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New Sense of Place

Hyper local community building and government's place in the mash-up.

by / March 1, 2007

You should see how people talk about this place.

It's all mashed up -- and that's exactly the point.

Though mash-ups defy a single definition, some common characteristics emerge -- they are new, often more valuable and interesting Web services created at incremental cost, effort and time by combining data from two or more existing (but formally discrete) online sources. Just as important, the new experience is seamless to the user, but the relationship between the mash-up and the supporting application programming interfaces (APIs) is readily transparent to the developer.

It's not all in the name, but the names often tell you a great deal about what is going on underneath the covers of a Web mash-up. Take, which as the name suggests, mashes up wikis and mapping to tie intensely local information to localities. Fire stations, airports, community centers, libraries, bus stations, hospitals and businesses of all shapes and sizes have staked claims on wikimapia to tell their stories, their way.

Almost 2.5 million places have been voted into existence by members of the wikimapia community, a nod to the democratic self-correction that typifies online communities. Hundreds of places have been plotted and annotated in smaller communities such as Casper, Wyo., (113); Boise, Idaho, (197); Fargo, N.D., (335); and Des Moines, Iowa, (854); while larger centers now have wikimapia counts in the thousands -- Los Angeles (5,566); Washington, D.C., (7,068); Dallas (3,085); and Seattle (4,289).

Like the real places it maps and describes, wikimapia shows how and where public, private and nonprofit entities share a space, or more properly, make up a bigger place together. Make no mistake, public agencies have begun taking their place here, but there is no sense of the range or availability of public services at street level -- something for which mash-ups seem ideally suited.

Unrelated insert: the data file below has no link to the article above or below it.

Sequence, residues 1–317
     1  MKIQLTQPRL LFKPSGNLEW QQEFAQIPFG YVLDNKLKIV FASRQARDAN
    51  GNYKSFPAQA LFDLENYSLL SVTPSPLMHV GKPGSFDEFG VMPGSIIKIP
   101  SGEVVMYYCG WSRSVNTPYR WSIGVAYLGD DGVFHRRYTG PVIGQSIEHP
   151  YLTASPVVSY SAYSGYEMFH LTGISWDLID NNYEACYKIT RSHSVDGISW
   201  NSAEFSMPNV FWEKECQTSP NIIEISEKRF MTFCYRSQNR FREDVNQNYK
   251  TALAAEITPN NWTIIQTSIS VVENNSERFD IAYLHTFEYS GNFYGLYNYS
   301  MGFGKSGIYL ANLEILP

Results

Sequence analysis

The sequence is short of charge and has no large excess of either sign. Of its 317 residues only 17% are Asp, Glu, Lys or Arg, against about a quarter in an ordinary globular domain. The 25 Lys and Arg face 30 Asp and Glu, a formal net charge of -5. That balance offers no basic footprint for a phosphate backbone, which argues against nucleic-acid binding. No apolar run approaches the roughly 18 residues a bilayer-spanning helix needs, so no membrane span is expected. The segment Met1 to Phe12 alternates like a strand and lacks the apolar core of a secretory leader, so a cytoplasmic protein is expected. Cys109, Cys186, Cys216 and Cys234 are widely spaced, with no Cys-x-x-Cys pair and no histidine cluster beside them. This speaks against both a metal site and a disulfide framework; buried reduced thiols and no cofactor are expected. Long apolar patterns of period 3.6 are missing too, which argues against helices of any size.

For their part, governments are increasingly well positioned to exploit these opportunities. The determined shift to service-oriented architectures (SOAs) in many jurisdictions has been leading to this -- not just this, but to the full range of SOA-enabled possibilities that are not likely in the strategic IT plan.

Further, it is not hard to imagine -- and not much harder to build -- mash-ups of mash-ups that layer these combinations on top of each other. In the name of economic development, a community could start with APIs for tourism, real estate and shopping; add others specializing in crime statistics, air quality and school-performance tracking; layer in another for finding Wi-Fi access; and then finish with a view of public facilities and services.

The eternally vigilant may want to add, a disturbing, icon-intensive mash-up of terrorist threats or incidents that gives particular attention to public infrastructure such as airports, bridges, railways and roads.

This new mashed-up sense of place adds up to a new world of collaboration -- even among those who have never met -- where government does what it is uniquely able to do, and others do the rest.

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Paul W. Taylor Contributing Writer

Paul W. Taylor, Ph.D., is the editor-at-large of Governing magazine. He also serves as the chief content officer of e.Republic, Governing’s parent organization, as well as senior advisor to the Governing Institute. Prior to joining e.Republic, Taylor served as deputy Washington state CIO and chief of staff of the state Information Services Board (ISB). Dr. Taylor came to public service following decades of work in media, Internet start-ups and academia. He is also among a number of affiliated experts with the non-profit, non-partisan Information Technology and Innovation Foundation (ITIF) in Washington, D.C.

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